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Police Arrest Habitual Offender For Pitcher’s Murder

Wed., March 29, 1995

A Florida man with a long criminal record was charged Tuesday in the fatal shooting of a pitcher hoping to make the Atlanta Braves as a replacement player.

The arrest of Neal Douglas Evans, 30, brought sentiments of outrage from police and the Braves when it was learned of his record and that he was an early release convict wanted on a parole violation when the crime occurred.

Evans was charged with first-degree murder and attempted armed robbery in the slaying of Dave Shotkoski, 31, of Hoffman Estates, Ill., last Friday in a botched armed robbery attempt at West Palm Beach, Fla.

“It’s unfair and a real tragedy - not only for (Shotkoski’s) family and for West Palm Beach, but for all the nation,” said Atlanta general manager John Schuerholz. “Too much of that goes on and they need to seriously do something about it.”

Evans, of West Palm Beach, has been in Florida prisons on convictions of burglary, vehicle theft, drug possession and weapons charges, among others, state officials said.

Evans was given conditional releases from prison three times, but each time violated the terms of his release and was returned to prison, said Debbie Buchanan, a spokeswoman for the state Department of Corrections.

He was free on his fourth conditional release when Shotkoski was slain, she said.

Shotkoski - who is survived by a wife and an 8-month-old daughter - was shot several times just before dark during an after-dinner stroll on a service road near the hotel where he was staying with other Braves replacements.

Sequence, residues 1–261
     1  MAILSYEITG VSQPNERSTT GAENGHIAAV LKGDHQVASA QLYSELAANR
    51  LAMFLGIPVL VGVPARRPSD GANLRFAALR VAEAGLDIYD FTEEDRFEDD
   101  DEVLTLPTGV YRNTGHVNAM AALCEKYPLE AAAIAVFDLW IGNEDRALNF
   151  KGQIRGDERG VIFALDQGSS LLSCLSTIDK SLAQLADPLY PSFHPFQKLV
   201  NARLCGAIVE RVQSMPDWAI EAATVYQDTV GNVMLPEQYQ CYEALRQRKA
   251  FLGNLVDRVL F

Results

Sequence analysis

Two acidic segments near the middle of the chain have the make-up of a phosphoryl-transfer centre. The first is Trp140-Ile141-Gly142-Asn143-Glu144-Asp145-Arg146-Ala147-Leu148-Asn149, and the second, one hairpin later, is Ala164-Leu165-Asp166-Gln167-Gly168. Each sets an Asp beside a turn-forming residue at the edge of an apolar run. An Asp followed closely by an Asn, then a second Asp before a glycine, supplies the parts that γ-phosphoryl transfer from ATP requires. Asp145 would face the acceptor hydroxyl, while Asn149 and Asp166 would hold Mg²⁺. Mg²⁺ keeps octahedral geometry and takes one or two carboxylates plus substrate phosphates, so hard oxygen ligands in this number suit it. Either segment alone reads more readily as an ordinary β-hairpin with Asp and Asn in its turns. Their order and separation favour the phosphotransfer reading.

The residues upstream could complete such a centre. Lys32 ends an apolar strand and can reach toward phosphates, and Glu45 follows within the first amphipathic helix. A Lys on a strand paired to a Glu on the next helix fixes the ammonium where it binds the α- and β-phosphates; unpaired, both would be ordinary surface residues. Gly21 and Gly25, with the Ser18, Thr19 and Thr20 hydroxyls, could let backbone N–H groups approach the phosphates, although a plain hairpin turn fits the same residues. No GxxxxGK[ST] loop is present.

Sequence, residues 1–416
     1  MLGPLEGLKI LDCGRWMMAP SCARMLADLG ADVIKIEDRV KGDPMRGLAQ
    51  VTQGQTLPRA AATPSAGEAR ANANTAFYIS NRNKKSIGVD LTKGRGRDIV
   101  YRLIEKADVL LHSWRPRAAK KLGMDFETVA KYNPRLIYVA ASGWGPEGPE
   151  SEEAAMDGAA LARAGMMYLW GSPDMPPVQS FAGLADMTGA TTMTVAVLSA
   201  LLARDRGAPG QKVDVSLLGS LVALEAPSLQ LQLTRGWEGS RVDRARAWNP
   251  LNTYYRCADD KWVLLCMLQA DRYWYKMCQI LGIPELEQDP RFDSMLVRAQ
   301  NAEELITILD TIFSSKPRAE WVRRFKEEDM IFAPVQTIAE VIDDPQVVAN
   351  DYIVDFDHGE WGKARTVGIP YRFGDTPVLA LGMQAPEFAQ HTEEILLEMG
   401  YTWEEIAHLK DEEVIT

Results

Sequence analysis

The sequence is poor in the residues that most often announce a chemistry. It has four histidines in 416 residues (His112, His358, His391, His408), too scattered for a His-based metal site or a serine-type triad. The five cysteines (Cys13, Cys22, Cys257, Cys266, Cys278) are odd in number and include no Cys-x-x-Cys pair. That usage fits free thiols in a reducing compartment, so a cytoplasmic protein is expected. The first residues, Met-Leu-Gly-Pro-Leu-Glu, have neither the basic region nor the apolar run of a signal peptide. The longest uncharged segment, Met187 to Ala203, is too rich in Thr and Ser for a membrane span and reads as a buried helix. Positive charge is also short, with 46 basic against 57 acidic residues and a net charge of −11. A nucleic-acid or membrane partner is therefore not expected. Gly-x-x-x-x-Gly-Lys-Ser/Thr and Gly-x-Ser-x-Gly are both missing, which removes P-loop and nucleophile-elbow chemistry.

Investigators said Evans was trying to rob Shotkoski when the ballplayer tried to get away. Witnesses said the assailant fled on a mountain bike.

Officers quickly focused on Evans, who goes by the street name of “1,000” and has the number tattooed on his right arm. “We heard about him, we knew he was out on the street,” English said.

They cornered him in an abandoned warehouse Sunday, arrested him on the parole violation and began to build a case against him in the Shotkoski’s death. English said a $5,000 reward put up by the Braves and matched by police prompted some acquaintances of Evans to began to talk.

Vincent Dominic Antonucci, a fugitive sought in Iowa and Florida, was arrested in Anacortes, Wash., in connection with a scam involving forged signatures of baseball great Ted Williams.

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